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Memcached is an in-memory key-value store for small chunks of arbitrary data.

Memcached is a general-purpose distributed memory caching system that was originally developed by Danga Interactive for LiveJournal, but is now used by many other sites.

It is often used to speed up dynamic database-driven websites by caching data and objects in RAM to reduce the number of times an external data source (such as a database or API) must be read. Memcached runs on Unix, Windows and MacOS and is distributed under a permissive free software license

Memcached's APIs provide a giant hash table distributed across multiple machines. When the table is full, subsequent inserts cause older data to be purged in least recently used (LRU) order. Applications using Memcached typically layer requests and additions into core before falling back on a slower backing store, such as a database.

The system is used by several very large, well-known sites including YouTube, Reddit, Zynga, Facebook and Twitter. Heroku offers a NorthScale-managed memcached add-on service as part of their platform as a service. Google App Engine also offers a memcached service through an AP.


The system uses a client–server architecture. The servers maintain a key–value associative array; the clients populate this array and query it. Keys are up to 250 bytes long and values can be at most 1 megabyte large.

Clients use client side libraries to contact the servers which, by default, expose their service at port 11211. Each client knows all servers; the servers do not communicate with each other. If a client wishes to set or read the value corresponding to a certain key, the client's library first computes a hash of the key to determine the server that will be used. Then it contacts that server. The server will compute a second hash of the key to determine where to store or read the corresponding value.

The servers keep the values in RAM; if a server runs out of RAM, it discards the oldest values. Therefore, clients must treat Memcached as a transitory cache; they cannot assume that data stored in Memcached is still there when they need it. A Memcached-protocol compatible product known as MemcacheDB provides persistent storage. There is also a solution called Membase from NorthScale that provides persistence, replication and clustering.

If all client libraries use the same hashing algorithm to determine servers, then clients can read each other's cached data; this is obviously desirable.

A typical deployment will have several servers and many clients. However, it is possible to use Memcached on a single computer, acting simultaneously as client and server.


Most deployments of Memcached exist within trusted networks where clients may freely connect to any server. There are cases, however, where Memcached is deployed in untrusted networks or where administrators would like to exercise control over the clients that are connecting. For this purpose Memcached can be compiled with optional SASL authentication support. The SASL support requires the binary protocol.

Example code.

Note that all functions described on this page are pseudocode only. Memcached calls and programming languages may vary based on the API used.

Converting a database or object creation queries to use Memcached is simple. Typically, when using straight database queries, example code would be as follows:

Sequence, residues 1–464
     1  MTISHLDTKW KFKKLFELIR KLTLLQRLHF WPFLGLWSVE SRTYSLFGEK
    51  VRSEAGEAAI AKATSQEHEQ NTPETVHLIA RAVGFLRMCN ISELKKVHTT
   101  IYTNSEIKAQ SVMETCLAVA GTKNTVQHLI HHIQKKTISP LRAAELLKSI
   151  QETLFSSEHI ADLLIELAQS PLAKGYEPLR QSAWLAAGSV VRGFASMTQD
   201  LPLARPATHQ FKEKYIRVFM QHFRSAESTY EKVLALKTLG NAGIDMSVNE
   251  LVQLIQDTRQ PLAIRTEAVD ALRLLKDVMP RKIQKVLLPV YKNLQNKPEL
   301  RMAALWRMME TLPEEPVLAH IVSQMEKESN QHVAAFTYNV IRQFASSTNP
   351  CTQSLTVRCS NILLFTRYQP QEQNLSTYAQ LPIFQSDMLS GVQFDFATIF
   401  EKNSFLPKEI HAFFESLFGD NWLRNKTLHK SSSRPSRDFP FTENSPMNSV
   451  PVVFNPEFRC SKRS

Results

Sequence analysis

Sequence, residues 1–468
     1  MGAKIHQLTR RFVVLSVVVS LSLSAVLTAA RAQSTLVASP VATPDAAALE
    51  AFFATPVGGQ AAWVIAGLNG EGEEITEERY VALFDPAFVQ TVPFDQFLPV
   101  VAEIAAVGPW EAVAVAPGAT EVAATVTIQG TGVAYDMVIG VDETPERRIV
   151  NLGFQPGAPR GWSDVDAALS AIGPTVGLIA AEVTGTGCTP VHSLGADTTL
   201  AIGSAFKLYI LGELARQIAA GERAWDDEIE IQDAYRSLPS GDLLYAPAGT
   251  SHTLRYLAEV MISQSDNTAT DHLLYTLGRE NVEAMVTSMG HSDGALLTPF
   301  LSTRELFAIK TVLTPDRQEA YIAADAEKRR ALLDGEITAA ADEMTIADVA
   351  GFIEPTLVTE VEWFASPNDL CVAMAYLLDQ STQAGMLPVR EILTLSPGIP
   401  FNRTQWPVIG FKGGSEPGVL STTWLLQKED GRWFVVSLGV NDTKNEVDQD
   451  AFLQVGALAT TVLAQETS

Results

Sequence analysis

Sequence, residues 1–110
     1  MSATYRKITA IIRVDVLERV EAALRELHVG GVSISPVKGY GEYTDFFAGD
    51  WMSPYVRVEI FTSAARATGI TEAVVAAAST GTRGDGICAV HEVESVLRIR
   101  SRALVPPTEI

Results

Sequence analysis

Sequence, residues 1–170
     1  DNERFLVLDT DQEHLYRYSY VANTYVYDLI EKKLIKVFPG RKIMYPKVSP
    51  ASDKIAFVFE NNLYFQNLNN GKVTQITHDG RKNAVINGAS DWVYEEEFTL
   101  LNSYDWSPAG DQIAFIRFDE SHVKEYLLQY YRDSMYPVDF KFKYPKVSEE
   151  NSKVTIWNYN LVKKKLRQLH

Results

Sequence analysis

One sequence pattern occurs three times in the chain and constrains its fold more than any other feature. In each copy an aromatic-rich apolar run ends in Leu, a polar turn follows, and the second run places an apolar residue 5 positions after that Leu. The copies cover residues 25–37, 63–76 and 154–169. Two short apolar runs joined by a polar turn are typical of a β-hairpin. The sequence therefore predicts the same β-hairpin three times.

function get_foo(int userid) {
result = db_select("SELECT * FROM users WHERE userid = ?", userid);
return result;

After conversion to Memcached, the same call might look like the following

function get_foo(int userid) {
/* first try the cache */
data = memcached_fetch("userrow:" + userid);
if (!data) {
/* not found : request database */
data = db_select("SELECT * FROM users WHERE userid = ?", userid);
/* then store in cache until next get */
memcached_add("userrow:" + userid, data);
return data;

The server would first check whether a Memcached value with the unique key "userrow:userid" exists, where userid is some number. If the result does not exist, it would select from the database as usual, and set the unique key using the Memcached API add function call.

However, if only this API call were modified, the server would end up fetching incorrect data following any database update actions: the Memcached "view" of the data would become out of date. Therefore, in addition to creating an "add" call, an update call would be also needed, using the Memcached set function.

function update_foo(int userid, string dbUpdateString) {
/* first update database */
result = db_execute(dbUpdateString);
if (result) {
/* database update successful : fetch data to be stored in cache */
data = db_select("SELECT * FROM users WHERE userid = ?", userid);
/* last line could also look like data = createDataFromDBString(dbUpdateString); */
/* then store in cache until next get */
memcached_set("userrow:" + userid, data);

This call would update the currently cached data to match the new data in the database, assuming the database query succeeds. An alternative approach would be to invalidate the cache with the Memcached delete function, so that subsequent fetches result in a cache miss. Similar action would need to be taken when database records were deleted, to maintain either a correct or incomplete cache.

The latest stable memcached release isv1.4.5:

Release Notes (2010-4-3)


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About Hugo Repetto

Ubuntu is a Linux distribution that offers an operating system predominantly focused on desktop computers but also provides support for servers. Based on Debian GNU / Linux, Ubuntu focuses on ease of use, freedom in usage restriction, regular releases (every 6 months) and ease of installation.
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